The fourth is not extra: Astronomers find an exoplanet in a triple system

European astronomers have announced the discovery of an exoplanet that is part of a very unusual triple system, HIP 81208. It consists of a blue giant as well as red and brown dwarfs. 

HIP 81208 star system. Source: ESO/A. Chomez et al.

HIP 81208 is located at a distance of 485 light-years from Earth. This is a very young star system. Its age is estimated at only 17 million years, and it is part of one of the subgroups of the Scorpius–Centaurus star association.

The main component of the system is a star of spectral class B (in the picture, it is indicated by the letter A). Until recently, astronomers were aware of two objects orbiting it — a brown and a red dwarf (they are designated by the letters B and C). The orbit of the brown dwarf passes at a distance of 54 AU from the central star, its mass exceeds the mass of Jupiter by 67 times. The orbit of the red dwarf passes further, at a distance of 234 AU from the center of the system.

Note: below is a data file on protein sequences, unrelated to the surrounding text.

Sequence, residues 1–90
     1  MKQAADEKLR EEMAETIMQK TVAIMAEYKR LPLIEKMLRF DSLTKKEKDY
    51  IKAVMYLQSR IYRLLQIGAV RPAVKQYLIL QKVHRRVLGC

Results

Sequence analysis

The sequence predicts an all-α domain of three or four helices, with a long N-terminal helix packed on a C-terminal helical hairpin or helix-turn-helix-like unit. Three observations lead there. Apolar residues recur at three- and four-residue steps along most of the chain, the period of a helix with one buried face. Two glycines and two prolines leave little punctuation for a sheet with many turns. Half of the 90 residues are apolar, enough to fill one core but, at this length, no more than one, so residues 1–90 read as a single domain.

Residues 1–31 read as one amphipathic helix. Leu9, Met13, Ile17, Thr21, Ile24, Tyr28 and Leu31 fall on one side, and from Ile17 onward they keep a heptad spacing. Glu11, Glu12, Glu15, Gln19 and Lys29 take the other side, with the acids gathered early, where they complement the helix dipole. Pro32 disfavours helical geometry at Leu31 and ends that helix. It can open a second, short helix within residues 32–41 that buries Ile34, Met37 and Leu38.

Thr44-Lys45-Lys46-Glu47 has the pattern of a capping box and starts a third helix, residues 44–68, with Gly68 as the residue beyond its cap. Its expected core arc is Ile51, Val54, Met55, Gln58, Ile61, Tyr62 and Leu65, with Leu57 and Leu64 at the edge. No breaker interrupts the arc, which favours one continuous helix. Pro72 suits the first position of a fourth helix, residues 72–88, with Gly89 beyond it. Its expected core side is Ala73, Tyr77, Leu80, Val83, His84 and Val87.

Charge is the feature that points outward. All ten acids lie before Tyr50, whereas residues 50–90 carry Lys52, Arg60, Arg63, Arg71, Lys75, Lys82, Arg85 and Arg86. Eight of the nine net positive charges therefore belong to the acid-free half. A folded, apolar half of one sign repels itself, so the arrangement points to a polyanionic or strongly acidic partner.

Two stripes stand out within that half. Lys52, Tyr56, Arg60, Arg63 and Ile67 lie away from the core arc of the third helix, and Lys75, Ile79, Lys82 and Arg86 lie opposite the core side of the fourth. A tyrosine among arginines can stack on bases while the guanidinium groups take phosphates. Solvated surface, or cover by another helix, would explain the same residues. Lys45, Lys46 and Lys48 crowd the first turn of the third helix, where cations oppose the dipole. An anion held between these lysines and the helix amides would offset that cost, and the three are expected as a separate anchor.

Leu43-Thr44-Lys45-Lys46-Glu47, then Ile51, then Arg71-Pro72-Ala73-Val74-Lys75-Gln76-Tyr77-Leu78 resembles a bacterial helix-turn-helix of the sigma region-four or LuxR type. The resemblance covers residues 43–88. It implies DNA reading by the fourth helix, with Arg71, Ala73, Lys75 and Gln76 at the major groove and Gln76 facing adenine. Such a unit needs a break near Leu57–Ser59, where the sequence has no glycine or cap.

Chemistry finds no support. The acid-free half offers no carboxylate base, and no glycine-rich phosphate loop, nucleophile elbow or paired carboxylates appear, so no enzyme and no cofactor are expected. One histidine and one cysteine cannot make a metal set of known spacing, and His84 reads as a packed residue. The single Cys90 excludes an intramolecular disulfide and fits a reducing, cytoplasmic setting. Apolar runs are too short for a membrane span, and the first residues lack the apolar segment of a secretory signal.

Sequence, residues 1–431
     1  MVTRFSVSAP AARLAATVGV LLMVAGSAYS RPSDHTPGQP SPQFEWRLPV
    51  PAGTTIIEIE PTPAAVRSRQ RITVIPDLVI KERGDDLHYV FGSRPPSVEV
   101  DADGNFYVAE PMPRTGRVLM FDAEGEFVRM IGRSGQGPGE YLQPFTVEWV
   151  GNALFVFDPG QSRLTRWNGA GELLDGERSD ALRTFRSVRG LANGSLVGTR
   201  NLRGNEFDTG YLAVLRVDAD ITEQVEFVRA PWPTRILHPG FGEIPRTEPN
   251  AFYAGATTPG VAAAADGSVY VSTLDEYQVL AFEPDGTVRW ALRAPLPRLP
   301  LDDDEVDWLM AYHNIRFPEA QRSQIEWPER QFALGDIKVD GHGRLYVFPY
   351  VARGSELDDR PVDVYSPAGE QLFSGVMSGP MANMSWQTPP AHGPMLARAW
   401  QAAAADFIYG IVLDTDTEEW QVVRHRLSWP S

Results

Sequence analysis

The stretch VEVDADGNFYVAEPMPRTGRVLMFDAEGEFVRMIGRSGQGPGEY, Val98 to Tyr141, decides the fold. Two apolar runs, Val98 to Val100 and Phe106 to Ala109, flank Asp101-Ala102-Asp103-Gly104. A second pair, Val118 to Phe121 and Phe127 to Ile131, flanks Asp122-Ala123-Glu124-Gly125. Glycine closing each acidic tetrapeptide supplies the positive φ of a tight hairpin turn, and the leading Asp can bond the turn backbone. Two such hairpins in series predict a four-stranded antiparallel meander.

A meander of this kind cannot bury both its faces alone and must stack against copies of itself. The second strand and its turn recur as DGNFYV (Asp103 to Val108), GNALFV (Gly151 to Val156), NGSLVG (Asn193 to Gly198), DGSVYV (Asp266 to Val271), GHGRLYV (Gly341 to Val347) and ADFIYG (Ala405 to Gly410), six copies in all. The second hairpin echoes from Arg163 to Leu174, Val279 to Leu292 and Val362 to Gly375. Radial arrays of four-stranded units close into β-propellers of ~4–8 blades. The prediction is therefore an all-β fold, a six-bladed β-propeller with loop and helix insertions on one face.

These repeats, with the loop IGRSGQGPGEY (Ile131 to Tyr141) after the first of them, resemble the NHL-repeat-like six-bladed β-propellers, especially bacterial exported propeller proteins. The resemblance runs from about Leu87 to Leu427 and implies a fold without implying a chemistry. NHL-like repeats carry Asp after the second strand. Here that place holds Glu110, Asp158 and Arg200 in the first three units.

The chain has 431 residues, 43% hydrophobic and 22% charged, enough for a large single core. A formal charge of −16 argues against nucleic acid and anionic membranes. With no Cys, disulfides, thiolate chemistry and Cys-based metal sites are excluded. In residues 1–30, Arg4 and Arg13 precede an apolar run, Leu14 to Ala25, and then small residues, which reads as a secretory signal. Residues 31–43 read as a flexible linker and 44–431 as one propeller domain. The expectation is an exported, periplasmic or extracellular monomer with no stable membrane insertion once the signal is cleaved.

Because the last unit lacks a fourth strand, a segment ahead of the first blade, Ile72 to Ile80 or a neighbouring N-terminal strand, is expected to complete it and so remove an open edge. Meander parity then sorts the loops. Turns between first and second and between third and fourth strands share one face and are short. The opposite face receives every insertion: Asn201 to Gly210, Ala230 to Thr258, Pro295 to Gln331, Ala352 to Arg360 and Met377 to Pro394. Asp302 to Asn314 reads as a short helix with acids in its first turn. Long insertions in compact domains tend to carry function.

But now it is known that HIP 81208 is home to at least one more object. It was discovered by direct observation. It was found in an image taken using a SPHERE receiver mounted on a Very Large Telescope. In the presented photo, this object is indicated by the letters Cb.

The found body orbits a red dwarf. According to the researchers, its mass exceeds the mass of Jupiter by about 15 times. So it’s either a brown dwarf or a very massive gas giant. According to the researchers, they intend to continue observing this very unusual system to more accurately determine the characteristics of the objects included in it, as well as to search for other bodies that have so far escaped their gaze.

According to

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